State-of-the-art forensic technology from South Africa has been used to try and unravel the mystery of what was smoked in tobacco pipes found in the Stratford-upon-Avon garden of British playwright William Shakespeare.
Residue from clay tobacco pipes more than 400 years old from the playwright’s garden were analysed in Pretoria using a sophisticated technique called gas chromatography mass spectrometry.
Chemicals from pipe bowls and stems which had been excavated from Shakespeare’ garden and adjacent areas were identified and quantified during the forensic study. The artefacts for the study were on loan from the Shakespeare Birthplace Trust.
The gas technique is very sensitive to residues that can be preserved in pipes even if they had been smoked 400 years ago.
What were they smoking
There were several kinds of tobacco in the 17th century, including the North American Nicotiana (from which we get nicotine), and cocaine (Erythroxylum), which is obtained from Peruvian coca leaves.
It has been claimed that Sir Francis Drake may have brought coca leaves to England after his visit to Peru, just as Sir Walter Raleigh had brought “tobacco leaves” (Nicotiana) from Virginia in North America.
In a recent issue of a magazine called Country Life, Mark Griffiths has stimulated great interest in John Gerard’s Herbal, published in 1597 as a botanical book which includes engraved images of several people in the frontispiece. One of them (cited as “The Fourth Man”) is identified by Griffiths as William Shakespeare, but this identification is questionable.
Possibly, the engraving represents Sir Francis Drake, who knew Gerard.
Gerard’s Herbal refers to various kinds of “tobacco” introduced to Europe by Drake and Raleigh in the days of Shakespeare in Elizabethan England.
There certainly is a link between Drake and plants from the New World, notably corn, the potato and “tobacco”. Furthermore, one can associate Raleigh with the introduction of “tobacco” to Europe from North America (notably in the context of the tobacco plant called Nicotiana, from Virginia and elsewhere).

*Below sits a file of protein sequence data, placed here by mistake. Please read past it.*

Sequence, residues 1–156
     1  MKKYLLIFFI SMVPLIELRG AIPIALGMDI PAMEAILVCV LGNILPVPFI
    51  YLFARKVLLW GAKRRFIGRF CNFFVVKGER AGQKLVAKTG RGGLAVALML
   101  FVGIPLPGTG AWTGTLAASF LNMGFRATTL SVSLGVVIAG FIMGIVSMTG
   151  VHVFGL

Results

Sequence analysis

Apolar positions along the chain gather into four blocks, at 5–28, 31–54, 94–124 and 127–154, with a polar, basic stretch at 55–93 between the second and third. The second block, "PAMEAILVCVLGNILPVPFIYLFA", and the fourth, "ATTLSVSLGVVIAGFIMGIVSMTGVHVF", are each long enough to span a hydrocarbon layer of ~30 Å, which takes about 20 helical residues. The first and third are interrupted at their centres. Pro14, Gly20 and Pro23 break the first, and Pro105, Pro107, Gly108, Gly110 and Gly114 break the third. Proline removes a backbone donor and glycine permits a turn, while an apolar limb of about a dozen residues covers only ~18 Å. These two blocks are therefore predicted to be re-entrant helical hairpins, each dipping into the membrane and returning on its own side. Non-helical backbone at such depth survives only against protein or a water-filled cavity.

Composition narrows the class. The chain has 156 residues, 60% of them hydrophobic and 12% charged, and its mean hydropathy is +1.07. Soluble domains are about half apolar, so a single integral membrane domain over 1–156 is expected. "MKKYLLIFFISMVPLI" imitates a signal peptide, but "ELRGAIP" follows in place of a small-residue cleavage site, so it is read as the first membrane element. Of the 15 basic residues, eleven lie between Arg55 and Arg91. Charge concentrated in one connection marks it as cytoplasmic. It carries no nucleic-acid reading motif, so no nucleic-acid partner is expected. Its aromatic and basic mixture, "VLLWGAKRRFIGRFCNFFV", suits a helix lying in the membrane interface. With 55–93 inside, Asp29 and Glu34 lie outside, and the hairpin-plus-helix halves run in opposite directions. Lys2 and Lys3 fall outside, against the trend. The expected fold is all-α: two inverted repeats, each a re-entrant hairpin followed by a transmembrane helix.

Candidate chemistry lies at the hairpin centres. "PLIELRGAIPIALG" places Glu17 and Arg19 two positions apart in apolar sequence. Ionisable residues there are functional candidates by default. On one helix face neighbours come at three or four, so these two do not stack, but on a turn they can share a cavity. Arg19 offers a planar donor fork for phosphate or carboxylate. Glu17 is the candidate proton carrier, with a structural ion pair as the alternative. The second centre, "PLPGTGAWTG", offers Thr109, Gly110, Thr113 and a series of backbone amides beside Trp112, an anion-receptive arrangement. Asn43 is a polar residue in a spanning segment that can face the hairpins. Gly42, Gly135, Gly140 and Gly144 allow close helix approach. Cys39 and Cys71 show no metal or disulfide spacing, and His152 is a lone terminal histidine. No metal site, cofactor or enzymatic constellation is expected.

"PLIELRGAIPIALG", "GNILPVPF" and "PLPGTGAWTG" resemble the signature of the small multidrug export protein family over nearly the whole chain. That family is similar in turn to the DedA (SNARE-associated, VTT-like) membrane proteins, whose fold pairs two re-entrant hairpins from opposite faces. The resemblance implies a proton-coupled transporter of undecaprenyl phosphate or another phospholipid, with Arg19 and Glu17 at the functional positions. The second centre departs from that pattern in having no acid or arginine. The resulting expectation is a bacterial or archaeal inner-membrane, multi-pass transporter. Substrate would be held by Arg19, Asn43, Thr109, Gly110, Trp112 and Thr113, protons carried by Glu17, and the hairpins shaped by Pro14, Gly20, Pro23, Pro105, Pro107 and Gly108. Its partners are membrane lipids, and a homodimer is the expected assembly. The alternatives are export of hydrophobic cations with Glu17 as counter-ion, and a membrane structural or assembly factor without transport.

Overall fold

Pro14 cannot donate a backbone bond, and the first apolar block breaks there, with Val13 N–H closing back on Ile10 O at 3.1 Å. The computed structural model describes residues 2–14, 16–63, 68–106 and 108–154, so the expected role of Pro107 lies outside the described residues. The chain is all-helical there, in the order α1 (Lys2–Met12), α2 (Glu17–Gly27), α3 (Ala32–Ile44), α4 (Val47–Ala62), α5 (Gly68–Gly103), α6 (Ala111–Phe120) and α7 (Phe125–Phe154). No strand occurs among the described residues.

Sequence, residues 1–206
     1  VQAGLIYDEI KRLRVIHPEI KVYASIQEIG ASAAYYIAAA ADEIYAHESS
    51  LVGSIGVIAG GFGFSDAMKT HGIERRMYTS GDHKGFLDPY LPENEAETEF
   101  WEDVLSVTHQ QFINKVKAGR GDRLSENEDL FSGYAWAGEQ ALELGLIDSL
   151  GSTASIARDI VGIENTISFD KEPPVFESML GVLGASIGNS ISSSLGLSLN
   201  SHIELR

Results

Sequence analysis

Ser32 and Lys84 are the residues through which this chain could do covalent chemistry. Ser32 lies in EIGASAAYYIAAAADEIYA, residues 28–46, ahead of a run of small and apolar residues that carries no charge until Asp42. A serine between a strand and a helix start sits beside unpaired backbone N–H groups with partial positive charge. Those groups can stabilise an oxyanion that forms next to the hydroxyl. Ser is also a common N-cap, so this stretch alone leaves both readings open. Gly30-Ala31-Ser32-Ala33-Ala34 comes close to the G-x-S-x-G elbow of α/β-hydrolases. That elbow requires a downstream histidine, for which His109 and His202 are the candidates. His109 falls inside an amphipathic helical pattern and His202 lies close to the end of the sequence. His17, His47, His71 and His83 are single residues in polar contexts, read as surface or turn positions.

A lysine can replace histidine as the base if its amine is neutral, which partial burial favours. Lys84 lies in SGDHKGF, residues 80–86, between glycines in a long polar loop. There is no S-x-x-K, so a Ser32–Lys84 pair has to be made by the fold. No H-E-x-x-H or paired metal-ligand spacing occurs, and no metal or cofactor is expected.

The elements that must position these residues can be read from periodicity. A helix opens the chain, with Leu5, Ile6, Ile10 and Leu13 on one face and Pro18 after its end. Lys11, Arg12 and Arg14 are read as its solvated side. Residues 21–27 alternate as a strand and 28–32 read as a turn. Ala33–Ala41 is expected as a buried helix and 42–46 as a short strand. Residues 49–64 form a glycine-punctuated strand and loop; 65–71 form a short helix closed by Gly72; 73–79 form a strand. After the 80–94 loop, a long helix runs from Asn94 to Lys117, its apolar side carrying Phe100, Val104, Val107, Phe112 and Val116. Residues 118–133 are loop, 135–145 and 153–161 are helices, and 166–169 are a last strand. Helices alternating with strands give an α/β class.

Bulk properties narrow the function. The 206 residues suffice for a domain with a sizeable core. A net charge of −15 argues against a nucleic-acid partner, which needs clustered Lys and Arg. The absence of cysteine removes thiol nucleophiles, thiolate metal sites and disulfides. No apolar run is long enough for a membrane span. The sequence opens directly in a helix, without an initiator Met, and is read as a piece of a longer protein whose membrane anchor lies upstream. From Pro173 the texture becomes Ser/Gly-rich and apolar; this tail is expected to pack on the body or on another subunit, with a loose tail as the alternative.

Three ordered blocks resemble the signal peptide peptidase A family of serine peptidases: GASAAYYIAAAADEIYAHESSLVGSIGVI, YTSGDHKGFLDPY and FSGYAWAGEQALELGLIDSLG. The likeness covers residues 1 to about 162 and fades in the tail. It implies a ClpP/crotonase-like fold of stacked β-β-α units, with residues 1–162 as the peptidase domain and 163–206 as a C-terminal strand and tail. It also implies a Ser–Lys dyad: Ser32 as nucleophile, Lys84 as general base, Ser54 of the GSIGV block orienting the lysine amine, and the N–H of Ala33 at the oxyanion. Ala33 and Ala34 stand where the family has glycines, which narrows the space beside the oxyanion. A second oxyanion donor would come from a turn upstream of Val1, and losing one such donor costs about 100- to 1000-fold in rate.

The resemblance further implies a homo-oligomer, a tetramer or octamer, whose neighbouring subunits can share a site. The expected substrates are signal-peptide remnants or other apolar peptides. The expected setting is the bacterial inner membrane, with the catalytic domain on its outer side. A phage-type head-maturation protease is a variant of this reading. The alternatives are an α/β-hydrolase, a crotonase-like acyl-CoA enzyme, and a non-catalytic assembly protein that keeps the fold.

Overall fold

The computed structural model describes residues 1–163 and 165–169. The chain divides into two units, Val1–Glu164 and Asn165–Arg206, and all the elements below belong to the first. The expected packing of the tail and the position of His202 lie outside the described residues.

What we found
There was unquestionable evidence for the smoking of coca leaves in early 17th century England, based on chemical evidence from two pipes in the Stratford-upon-Avon area.
Neither of the pipes with cocaine came from Shakespeare’s garden. But four of the pipes with cannabis did.
Results of this study (including 24 pipe fragments) indicated cannabis in eight samples, nicotine in at least one sample, and in two samples definite evidence for Peruvian cocaine from coca leaves.
Shakespeare may have been aware of the deleterious effects of cocaine as a strange compound. Possibly, he preferred cannabis as a weed with mind-stimulating properties.
These suggestions are based on the following literary indications. In Sonnet 76, Shakespeare writes about “invention in a noted weed”. This can be interpreted to mean that Shakespeare was willing to use “weed” (cannabis as a kind of tobacco) for creative writing (”invention”).
In the same sonnet it appears that he would prefer not to be associated with “compounds strange”, which can be interpreted, at least potentially, to mean “strange drugs” (possibly cocaine).
Sonnet 76 may relate to complex wordplay relating in part to drugs (compounds and “weed”), and in part to a style of writing, associated with clothing (”weeds”) and literary compounds (words combined to form one, as in the case of the word “Philsides” from Philip Sidney).
Was Shakespeare high?
Chemical analyses of residues in early 17th-century clay “tobacco pipes” have confirmed that a diversity of plants was smoked in Europe. Literary analyses and chemical science can be mutually beneficial, bringing the arts and the sciences together in an effort to better understand Shakespeare and his contemporaries.
This has also begged the question whether the plays of Shakespeare were performed in Elizabethan England in a smoke-filled haze?
One can well imagine the scenario in which Shakespeare performed his plays in the court of Queen Elizabeth, in the company of Drake, Raleigh and others who smoked clay pipes filled with “tobacco”.
This piece is based on an article published in the South African Journal of Science in July 2015.